echo crypto gcry_sha512 >>modules
echo chain configfile datetime echo gettext halt keystatus ls{efi{,mmap,systab},sal} loadenv minicmd mmap net normal {password_,}pbkdf2 priority_queue reboot relocator sleep terminal test trig true >>modules
echo linuxefi >>modules
grub-mkimage --format x86_64-efi --output grubx64.efi --config grub.cfg --directory /usr/lib/grub/x86_64-efi --prefix /efi/boot $(<modules)

You must now sign your boot-loader to get it loaded:

sbsign --key db.rsa --cert db.pem --output grubx64.efi.signed grubx64.efi
install -m 644 grubx64.efi.signed /boot/efi/EFI/boot/BOOTX64.EFI
install -m 644 grubx64.efi.signed /boot/efi/EFI/univention/BOOTX64.EFI

Microsoft will not do that! See #Shim below.

/boot: The traditional directory for Linux kernel. May be an extra filesystem readable by GRUB.

/boot/efi: The “EFI system partition”. It’s a FAT32 file system.

/boot/efi/EFI: The directory for different boot entries.

/boot/efi/EFI/BOOT: The default directory for removable devices.

/boot/efi/EFI/BOOT/BOOTX64.EFI: The default boot entry. This is used as the last fall back.


We create our own certificate:

openssl genrsa -out "shim.rsa" 2048
openssl req -new -x509 -sha256 -subj "/CN=shim/" -key "shim.rsa" -out "shim.pem" -days 7300
openssl x509 -in "shim.pem" -inform PEM -out "shim.der" -outform DER

ln -s ../CA/archive-subkey-public.der shim.der
ln -s ../CA/archive-subkey-public.pem shim.pem
ln -s ../CA/private/archive-subkey-private.key shim.rsa

We build our own shim:

make EFI_PATH=/usr/lib VENDOR_CERT_FILE="shim.der" ENABLE_SBSIGN=1 install-as-data

Microsoft signs our build:

sbsign --key db.rsa --cert db.pem --output shimx64.efi.signed /usr/lib/shim/shimx64.efi

Thus it gets loaded by PCs using the Microsoft key. GRUB needs to be re-signed by our embedded key:

sbsign --key shim.rsa --cert shim.pem --output grubx64.efi.signed grubx64.efi
install -m 0644 grubx64.efi.signed /boot/efi/EFI/BOOT/grubx64.efi
install -m 0644 grubx64.efi.signed /boot/efi/EFI/univention/grubx64.efi

Install shim:

install -m 0644 shimx64.efi.signed /boot/efi/EFI/univention/shimx64.efi
install -m 0644 shimx64.efi.signed /boot/efi/EFI/BOOT/BOOTX64.efi

“Machine Owner Keys” (MOK) allow you to load things yourself. You can while-list individual binaries by adding their hash. You can load certificates to allow loading everything signed by them. This requires the MOK-Manager:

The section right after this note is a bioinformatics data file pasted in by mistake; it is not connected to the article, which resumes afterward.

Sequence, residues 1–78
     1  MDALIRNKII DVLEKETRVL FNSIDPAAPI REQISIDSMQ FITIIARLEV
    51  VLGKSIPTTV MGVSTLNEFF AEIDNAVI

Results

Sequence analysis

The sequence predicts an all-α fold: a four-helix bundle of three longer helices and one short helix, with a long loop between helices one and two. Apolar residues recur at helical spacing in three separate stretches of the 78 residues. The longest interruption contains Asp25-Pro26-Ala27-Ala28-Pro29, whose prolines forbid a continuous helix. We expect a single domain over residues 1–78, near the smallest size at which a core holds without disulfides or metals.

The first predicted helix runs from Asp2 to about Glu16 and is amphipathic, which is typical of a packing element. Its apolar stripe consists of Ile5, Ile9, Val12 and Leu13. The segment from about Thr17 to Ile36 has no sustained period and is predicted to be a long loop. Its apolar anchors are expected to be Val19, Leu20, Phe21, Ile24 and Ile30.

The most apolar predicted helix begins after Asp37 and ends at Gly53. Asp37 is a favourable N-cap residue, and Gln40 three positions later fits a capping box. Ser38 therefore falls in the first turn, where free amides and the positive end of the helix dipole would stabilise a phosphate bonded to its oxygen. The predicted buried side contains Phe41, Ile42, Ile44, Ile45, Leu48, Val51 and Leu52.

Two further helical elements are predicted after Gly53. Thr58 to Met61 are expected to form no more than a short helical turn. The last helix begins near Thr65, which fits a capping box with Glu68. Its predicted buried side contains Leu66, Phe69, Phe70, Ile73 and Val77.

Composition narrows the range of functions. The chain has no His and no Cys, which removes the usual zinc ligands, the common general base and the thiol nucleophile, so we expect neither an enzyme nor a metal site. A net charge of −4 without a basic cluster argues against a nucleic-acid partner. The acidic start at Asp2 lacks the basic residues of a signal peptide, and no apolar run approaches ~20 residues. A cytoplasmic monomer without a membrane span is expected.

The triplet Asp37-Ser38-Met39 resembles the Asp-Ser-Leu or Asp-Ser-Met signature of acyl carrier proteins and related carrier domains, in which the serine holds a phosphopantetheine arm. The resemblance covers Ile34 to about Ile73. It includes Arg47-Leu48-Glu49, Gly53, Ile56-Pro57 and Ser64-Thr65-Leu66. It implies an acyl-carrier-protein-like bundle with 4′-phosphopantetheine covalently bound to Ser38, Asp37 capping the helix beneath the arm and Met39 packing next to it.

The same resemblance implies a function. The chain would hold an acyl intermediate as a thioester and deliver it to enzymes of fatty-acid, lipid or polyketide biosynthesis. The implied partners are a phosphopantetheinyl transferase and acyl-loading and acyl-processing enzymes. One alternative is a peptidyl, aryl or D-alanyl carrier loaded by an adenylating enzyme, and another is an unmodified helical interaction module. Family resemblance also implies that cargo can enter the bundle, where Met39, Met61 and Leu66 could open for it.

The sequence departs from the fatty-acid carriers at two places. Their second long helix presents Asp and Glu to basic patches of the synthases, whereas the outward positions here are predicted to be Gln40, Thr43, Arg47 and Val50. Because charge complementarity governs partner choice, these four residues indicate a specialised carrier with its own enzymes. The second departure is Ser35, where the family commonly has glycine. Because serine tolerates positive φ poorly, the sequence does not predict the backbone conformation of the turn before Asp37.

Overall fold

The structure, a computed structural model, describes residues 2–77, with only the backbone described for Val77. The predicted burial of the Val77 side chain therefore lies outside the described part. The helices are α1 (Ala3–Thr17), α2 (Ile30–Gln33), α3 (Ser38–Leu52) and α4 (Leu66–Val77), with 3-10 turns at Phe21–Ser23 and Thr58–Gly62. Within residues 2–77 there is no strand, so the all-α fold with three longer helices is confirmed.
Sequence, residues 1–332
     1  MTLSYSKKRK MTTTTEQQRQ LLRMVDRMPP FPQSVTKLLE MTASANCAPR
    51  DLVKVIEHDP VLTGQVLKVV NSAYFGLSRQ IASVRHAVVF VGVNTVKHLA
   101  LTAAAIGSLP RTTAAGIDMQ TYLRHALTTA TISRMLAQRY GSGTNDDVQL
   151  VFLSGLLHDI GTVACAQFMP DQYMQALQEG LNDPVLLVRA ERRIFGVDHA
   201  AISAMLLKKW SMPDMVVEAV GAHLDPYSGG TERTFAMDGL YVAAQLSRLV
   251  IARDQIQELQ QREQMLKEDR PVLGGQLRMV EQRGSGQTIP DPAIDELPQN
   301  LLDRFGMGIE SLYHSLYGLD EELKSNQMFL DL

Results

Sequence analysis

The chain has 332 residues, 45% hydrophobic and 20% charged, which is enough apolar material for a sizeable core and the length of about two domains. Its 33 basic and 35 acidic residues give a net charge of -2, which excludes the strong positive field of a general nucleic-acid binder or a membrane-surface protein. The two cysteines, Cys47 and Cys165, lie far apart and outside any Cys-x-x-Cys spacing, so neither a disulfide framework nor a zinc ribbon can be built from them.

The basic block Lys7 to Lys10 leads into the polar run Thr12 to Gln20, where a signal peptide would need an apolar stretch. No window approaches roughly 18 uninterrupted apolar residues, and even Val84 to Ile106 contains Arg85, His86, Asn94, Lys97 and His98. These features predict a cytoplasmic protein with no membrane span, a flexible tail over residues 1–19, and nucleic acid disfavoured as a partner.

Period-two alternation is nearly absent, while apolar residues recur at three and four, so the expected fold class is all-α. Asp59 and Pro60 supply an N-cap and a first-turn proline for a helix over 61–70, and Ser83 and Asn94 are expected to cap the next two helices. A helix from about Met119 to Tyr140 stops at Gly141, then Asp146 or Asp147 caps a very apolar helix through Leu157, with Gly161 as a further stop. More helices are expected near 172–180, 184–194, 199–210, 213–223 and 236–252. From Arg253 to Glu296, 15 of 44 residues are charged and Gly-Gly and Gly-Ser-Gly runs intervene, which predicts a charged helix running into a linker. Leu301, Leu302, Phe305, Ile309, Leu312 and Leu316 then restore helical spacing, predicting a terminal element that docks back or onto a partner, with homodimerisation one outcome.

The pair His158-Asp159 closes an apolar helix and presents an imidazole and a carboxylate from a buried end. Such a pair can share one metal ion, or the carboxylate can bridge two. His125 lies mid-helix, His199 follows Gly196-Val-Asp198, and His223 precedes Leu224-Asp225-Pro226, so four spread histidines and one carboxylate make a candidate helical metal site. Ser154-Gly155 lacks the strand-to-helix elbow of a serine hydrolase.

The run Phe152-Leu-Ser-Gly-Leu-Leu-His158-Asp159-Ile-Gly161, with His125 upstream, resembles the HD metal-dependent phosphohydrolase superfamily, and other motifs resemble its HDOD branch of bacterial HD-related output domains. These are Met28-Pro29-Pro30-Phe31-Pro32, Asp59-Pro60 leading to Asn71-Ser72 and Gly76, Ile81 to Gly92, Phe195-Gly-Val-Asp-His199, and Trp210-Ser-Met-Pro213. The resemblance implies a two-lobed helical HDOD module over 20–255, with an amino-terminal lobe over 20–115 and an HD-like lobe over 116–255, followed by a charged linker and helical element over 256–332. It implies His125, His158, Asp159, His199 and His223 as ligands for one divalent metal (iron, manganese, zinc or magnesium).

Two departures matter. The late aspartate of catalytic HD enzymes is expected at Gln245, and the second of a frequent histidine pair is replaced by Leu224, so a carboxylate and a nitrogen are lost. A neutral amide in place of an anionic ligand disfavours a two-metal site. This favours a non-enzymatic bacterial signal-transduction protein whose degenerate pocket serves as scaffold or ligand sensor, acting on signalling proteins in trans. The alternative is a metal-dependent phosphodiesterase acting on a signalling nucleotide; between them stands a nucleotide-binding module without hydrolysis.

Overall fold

install -m 0644 /usr/lib/shim/mmx64.efi.signed /boot/efi/EFI/univention/mmx64.efi
install -m 0644 /usr/lib/shim/mmx64.efi.signed /boot/efi/EFI/BOOT/mmx64.efi

EFI allows booting different binaries. Their paths need to be registered as EFI variables. If they are not configured correctly, nothing gets booted. Install the “Fallback Manager” which can fix this:

echo "shimx64.efi,univention,,This is the boot entry for UCS" | iconv -t UCS-2LE >BOOTX64.CSV
install -m 0644 BOOTX64.CSV /boot/efi/EFI/univention/BOOTX64.CSV
install -m 0644 /usr/lib/shim/fbx64.efi.signed /boot/efi/EFI/BOOT/fbx64.efi

Sign Linux kernel with key embedded in SHIM:

sbsign --key shim.rsa --cert shim.pem --detached --output vmlinuz-4.9.0-ucs105-amd64.sig vmlinuz-4.9.0-ucs105-amd64
cp vmlinuz-4.9.0-ucs105-amd64 vmlinuz-4.9.0-ucs105-amd64.efi.signed
sbattach --attach vmlinuz-4.9.0-ucs105-amd64.sig vmlinuz-4.9.0-ucs105-amd64.efi.signed


UEFI requires a writable flash device. qemu -bios will only provide one big read-only ROM. In that case “OVMS” stores the EFI variables in /boot/EFI/NvVars. The correct way for Qemu is

-drive file=/usr/share/OVMF/OVMF_CODE.fd,if=pflash,format=raw,unit=0,readonly=on
-drive file=/home/phahn/.config/libvirt/qemu/nvram/uefi_VARS.fd,if=pflash,format=raw,unit=1

This stores the EFI-variables in the VARS file. But this does not implement the restriction, that some variables must only be modified by the boot-service, e.g. all Secure-Boot related ones. This requires System Management Mode (SMM) to work. In that case the EFI-variables flash is write protected, so only SMM can write it. This needs to be turned on:

-global driver=cfi.pflash01,property=secure,value=on

If OVMF does not support SMM mode, writing to the flash will now fail. In that case OVMF will fall back to using NvVars again. But the EFI file system is too late for storing the SecureBoot related keys: After each reboot they will be gone again. So make sure to use the right version of OVMF with the right flash setting!

Written on November 30, 2017